Leal says that despite all the best epidemiological efforts, they’ll probably never know exactly how the dengue virus was introduced to Key Largo. FKMCD had traps placed across the Keys in all of the areas known for Aedes aegypti prior to the outbreak, but none in the newly affected neighborhoods. They immediately added 10 new traps across all of the suspect areas of Key Largo, monitoring the Ae. aegypti numbers and then working with the Department of Health to have all of those mosquito pools PCR tested at the CDC Dengue Branch in Puerto Rico. Testing was moved to the branch early on in the pandemic when capacity at mainland labs was consumed by COVID testing.

While the team may never be able to determine exactly when,  by whom, or how the virus was introduced, they do know that 2019 was a particularly challenging year in Florida for imported dengue cases –particularly in Miami-Dade. That dynamic would continue into the early weeks of 2020. This high incidence rate may have yet been another contributing factor in the outbreak. In 2019, the state experienced 359 imported Dengue cases, 239 emanating from Cuba. Of the 359 cases, 226 were recorded in Miami-Dade, just a short drive from Key Largo.

Communications, as always, plays a vital role in quelling any outbreak. FKMCD Public Information Officer Chad Huff says the district immediately adapted and activated its disease response plan, which includes a multi-pronged communications effort to inform and engage the public in response efforts. Central to communications is the “Dump Dengue” tagline the team utilized .

“The first prong in our efforts is using our social media accounts to hammer home the Dump Dengue phrase,” Huff says. “It’s a really simple message that we include with essentially anything we place on social media now. It helps people understand that by dumping standing water, they can help reduce dengue risk. We have to assume that person may only have heard there is dengue in the Keys, but they haven’t heard where. So whether it is Key Largo, or Key West, or Grassy Key, long term it’s beneficial to keep everybody informed and involved in the solution.

“The second prong has been a very aggressive radio Dump Dengue campaign,” says Huff. “We already had spots scheduled on five or six Keys radio stations for the rainy season, so we adapted those to the Dump Dengue campaign and bought some additional time specifically in Key Largo.”

Huff says that the third component in the plan involved engaging and communicating with the homeowners association in the hardest hit Key Largo neighborhood. Huff created a newsletter for residents that includes information on both dengue symptoms and prevention. The district continues to stay in communication with the neighborhood to keep them apprised on progress and continue to ask if the neighborhood is aware of any unmet mosquito control needs.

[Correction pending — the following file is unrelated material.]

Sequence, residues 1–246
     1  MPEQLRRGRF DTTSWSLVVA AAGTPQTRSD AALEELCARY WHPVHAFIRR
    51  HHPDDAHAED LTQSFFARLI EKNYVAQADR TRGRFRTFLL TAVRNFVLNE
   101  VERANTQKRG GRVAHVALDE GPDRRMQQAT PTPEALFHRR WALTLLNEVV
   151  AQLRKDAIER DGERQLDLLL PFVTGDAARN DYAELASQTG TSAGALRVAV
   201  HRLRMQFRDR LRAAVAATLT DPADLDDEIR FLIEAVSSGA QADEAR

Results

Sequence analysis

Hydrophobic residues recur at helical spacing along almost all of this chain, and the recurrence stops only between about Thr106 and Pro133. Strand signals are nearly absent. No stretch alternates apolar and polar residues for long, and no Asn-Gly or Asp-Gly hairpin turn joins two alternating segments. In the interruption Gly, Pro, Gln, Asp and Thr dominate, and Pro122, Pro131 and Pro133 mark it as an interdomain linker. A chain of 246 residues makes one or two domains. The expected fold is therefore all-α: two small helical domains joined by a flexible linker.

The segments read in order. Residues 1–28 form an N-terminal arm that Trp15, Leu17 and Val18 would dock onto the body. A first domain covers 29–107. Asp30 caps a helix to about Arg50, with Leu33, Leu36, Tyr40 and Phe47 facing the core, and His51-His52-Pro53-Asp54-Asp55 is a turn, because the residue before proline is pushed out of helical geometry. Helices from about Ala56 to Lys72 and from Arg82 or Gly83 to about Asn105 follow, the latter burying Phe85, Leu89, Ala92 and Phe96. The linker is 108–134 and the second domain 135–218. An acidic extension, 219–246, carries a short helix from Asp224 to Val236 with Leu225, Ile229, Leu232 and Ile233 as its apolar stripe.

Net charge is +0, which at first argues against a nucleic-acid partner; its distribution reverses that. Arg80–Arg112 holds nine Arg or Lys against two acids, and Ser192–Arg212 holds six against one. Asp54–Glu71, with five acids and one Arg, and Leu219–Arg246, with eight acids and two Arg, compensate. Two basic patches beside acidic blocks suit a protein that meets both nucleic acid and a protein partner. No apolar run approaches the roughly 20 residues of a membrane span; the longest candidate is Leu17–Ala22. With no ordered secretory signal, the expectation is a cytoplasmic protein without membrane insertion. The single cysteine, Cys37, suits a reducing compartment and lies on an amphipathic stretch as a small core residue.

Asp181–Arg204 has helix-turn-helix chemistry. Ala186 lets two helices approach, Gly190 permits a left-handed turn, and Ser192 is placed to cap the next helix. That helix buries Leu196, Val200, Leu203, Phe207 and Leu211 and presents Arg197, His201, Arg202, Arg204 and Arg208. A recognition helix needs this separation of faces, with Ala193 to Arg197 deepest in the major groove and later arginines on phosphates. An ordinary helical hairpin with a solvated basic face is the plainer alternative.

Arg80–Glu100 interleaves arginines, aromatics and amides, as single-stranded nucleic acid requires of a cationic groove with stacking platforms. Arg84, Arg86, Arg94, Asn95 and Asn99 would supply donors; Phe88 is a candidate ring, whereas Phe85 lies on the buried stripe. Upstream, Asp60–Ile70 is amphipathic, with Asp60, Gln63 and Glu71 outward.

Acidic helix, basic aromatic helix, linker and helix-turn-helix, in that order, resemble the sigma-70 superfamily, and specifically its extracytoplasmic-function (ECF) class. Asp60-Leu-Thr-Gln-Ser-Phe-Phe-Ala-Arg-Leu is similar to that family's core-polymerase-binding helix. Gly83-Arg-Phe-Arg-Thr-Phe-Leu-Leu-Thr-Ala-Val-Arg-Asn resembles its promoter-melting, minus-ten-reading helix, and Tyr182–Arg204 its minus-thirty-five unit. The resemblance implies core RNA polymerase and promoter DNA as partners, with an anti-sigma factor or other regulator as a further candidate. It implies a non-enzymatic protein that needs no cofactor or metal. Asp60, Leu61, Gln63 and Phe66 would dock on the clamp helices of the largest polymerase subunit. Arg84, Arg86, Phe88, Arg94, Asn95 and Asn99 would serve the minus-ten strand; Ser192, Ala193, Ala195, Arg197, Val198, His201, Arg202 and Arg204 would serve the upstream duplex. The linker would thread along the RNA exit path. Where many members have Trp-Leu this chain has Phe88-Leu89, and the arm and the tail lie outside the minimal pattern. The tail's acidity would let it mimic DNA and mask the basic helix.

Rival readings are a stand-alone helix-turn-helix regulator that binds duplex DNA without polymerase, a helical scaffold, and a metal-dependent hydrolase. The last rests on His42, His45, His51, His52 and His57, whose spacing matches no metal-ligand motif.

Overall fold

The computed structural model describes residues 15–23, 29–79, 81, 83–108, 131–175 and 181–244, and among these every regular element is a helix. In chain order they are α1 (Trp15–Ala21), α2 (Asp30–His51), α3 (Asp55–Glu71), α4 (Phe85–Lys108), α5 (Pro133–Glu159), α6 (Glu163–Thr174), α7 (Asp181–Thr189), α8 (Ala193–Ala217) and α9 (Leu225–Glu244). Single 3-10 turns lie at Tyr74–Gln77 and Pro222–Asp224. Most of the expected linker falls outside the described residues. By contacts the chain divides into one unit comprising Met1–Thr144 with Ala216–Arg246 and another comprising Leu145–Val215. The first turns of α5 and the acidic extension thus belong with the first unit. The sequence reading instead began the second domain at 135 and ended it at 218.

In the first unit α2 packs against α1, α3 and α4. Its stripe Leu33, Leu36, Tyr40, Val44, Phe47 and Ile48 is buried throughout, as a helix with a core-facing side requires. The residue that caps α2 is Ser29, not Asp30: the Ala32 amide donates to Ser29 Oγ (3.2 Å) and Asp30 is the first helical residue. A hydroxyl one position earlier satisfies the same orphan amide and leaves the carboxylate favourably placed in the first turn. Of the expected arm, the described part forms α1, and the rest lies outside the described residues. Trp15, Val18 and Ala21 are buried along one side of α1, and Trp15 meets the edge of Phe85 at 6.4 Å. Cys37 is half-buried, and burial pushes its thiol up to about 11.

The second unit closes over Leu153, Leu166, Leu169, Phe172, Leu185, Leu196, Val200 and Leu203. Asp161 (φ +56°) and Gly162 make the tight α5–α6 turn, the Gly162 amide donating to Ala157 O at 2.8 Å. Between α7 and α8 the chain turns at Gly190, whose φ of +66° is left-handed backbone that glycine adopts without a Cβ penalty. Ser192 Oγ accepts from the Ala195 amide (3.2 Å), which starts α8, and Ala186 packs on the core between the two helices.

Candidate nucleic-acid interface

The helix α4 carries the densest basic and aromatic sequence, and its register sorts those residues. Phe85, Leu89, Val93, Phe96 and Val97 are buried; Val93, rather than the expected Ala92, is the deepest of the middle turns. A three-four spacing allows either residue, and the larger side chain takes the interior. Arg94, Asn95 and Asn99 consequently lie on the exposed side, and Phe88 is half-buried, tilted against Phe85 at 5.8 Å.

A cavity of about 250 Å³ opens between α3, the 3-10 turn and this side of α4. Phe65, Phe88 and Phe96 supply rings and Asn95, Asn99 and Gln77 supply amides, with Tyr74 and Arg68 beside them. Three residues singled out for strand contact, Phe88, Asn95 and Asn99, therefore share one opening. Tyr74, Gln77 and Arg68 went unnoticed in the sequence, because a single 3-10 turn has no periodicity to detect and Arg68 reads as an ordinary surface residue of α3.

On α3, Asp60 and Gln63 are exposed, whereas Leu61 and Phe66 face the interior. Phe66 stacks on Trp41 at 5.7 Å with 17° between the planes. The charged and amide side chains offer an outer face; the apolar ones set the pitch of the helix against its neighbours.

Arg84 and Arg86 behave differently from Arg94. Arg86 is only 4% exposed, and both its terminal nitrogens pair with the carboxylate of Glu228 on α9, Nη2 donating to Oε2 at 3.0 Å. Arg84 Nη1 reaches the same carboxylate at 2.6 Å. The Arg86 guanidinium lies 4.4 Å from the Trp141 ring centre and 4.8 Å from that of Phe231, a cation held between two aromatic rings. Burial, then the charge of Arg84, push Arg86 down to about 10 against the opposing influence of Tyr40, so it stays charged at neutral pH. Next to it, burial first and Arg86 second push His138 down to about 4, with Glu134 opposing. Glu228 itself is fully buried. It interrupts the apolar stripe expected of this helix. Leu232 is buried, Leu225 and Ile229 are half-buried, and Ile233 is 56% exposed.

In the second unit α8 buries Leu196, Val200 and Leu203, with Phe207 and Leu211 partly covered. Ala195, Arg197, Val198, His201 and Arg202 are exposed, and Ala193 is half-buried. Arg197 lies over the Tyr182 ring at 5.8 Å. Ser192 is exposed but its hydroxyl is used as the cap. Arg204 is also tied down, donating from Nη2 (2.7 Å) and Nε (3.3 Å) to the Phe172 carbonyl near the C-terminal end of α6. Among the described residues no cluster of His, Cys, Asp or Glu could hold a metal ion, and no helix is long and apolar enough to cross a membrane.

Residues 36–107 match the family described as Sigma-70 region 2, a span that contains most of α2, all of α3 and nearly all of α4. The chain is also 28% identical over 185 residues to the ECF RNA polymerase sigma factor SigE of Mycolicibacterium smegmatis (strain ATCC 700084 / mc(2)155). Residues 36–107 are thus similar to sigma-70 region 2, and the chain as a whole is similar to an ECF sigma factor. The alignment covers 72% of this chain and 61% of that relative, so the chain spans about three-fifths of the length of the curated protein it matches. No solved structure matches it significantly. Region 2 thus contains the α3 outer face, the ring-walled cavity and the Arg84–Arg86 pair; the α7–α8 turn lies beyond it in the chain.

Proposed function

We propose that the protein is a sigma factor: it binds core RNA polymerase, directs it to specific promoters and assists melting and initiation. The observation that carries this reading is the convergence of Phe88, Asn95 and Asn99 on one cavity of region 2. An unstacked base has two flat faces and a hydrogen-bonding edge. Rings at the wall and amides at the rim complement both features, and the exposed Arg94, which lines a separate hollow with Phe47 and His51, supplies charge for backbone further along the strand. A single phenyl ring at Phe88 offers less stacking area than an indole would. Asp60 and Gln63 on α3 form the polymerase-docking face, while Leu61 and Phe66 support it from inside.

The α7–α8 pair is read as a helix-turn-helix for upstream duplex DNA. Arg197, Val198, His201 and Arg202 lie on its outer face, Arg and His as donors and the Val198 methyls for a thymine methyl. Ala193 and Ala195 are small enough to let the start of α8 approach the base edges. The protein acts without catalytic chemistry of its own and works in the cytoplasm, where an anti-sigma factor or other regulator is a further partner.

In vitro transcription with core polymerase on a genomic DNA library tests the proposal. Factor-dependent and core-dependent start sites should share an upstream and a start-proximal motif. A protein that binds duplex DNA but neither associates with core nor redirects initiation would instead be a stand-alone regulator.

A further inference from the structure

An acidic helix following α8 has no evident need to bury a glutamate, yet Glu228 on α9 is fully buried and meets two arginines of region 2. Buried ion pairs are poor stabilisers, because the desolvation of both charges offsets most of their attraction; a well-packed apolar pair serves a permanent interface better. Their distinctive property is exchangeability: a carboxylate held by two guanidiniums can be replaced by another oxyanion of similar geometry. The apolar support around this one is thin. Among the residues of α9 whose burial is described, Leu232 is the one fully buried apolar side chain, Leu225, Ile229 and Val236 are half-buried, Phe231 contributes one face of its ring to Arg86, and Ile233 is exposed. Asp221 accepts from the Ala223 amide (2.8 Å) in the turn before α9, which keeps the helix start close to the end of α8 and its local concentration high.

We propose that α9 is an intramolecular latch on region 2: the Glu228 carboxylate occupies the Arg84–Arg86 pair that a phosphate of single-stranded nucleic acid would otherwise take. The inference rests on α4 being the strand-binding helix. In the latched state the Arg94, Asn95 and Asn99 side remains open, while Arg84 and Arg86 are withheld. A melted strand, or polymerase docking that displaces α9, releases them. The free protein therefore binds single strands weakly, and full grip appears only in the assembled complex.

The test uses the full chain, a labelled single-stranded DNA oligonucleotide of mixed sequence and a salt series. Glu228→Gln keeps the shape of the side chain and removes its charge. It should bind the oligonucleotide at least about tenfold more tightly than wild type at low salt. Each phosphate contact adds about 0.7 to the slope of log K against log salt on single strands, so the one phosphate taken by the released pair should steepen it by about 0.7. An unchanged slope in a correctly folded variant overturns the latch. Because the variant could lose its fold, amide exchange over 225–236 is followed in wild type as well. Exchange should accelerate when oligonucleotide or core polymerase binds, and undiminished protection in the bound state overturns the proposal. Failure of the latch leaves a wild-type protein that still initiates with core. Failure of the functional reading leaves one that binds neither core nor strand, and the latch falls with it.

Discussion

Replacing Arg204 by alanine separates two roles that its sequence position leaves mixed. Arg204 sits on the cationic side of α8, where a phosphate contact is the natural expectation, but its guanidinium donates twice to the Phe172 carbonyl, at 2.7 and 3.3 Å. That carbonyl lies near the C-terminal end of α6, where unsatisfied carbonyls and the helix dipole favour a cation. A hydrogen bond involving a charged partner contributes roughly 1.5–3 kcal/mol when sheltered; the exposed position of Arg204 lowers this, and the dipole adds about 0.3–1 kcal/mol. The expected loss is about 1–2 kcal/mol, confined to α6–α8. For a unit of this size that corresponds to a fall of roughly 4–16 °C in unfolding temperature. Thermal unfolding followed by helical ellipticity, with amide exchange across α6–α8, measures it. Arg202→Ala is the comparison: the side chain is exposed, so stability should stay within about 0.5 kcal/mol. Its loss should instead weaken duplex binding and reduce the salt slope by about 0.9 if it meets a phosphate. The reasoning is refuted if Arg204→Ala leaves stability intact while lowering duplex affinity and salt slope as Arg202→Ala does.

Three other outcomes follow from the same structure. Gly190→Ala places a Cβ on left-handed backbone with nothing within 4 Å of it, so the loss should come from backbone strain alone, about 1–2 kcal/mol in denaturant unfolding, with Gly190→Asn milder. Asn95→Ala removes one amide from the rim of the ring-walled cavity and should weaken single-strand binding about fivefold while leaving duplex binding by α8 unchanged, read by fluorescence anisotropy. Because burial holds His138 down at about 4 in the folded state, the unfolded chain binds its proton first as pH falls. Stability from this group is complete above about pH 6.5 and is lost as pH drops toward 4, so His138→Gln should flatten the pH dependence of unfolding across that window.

“We try to keep it high level,” Huff says. “We don’t share specific trap results but we’re communicating that our data shows that the traps are trending with fewer and fewer Aedes aegypti.  It’s important that they know that what we’re doing – together – is working. But that we need to keep it up.”

Huff says the president of the HOA is also sharing Keys’ posts and press releases on the Associations Facebook page. According to Huff, collateral is another important element of the program. FKMCD inspectors are equipped with door hangers as a leave behind that includes information on the nature of mosquito breeding sites. Huff modified the design so that the dengue information pops, calling attention to its symptoms and prevention tactics. Inspectors are also outfitted with CDC flyers on source reduction.

Gauging Impact

To facilitate changes in their application strategy, FKMCD worked with the local board of education in Key Largo to secure a general purpose field at an elementary-middle school. This would serve as a base for the new WALS applications. In the past, Leal says, there hadn’t been a suitable base on Key Largo from which to conduct aerial (WALS) larviciding.

“All of Florida’s schools remain online for now,” Leal says, “so with students still at home, this particular location became available to us. It was perfect for what we needed. It’s a wide-open space in a gated off area, so it’s easily accessed by our crews but we don’t have people wandering in.”

Leal says the location is right in the middle of the treatment areas, which saves time and taxpayers’ money. The close proximity of the school to the affected neighborhoods eliminated the ferrying time necessary when applicators initially had to return 10 miles to the south to reload. She says applications are now taking place first thing in the morning, twice a week.

There is no doubt that the community and FKMCD team’s Integrated Vector Management (IVM) efforts are having a positive effect. While the public has seen dengue numbers continue to increase (August Arbovirus Surveillance Reports list 26 new cases), the vast majority of those are actually retrospective cases – added by the Health Department once antibody testing from early suspect cases were confirmed.

Dr. Banu Kesavaraju, Global Technical Manager at Valent BioSciences has been working with FKMCD and other Florida districts on WALS applications since 2015. He says the precipitous drop in acute dengue cases is what you’d expect to see from an IVM program that includes WALS and other important IVM measures.

“The published WALS data – in particular from the Keys – supports these kinds of results,” Kesavaraju says. “WALS helps mosquito control districts deliver biological larvicides into hard-to-reach, cryptic habitats were Aedes aegypti breed. We know that when WALS applications began in Key Largo in early July, there were already infected adult mosquitos present. We also know that with proper environmental conditions, infected adults can persist for another 20-30 days, if not longer. Now that WALS applications have been ongoing for two months, we can see a corresponding decline in acute cases of dengue. While it’s certainly not the only reason, we know that VectoBac WDG and WALS applications as part of an IVM program have been major contributors to the virtual absence of dengue in the Keys for the last decade.”

Total Locally-Acquired Dengue Cases:
Monroe County Florida, 2020

 Dengue Cases by Month of Onset
 February   1
 April   1
 May   4
 June   30
 July   15
 August   1
 TOTAL   52

Data through 8/27/20
Source: Florida Department of Health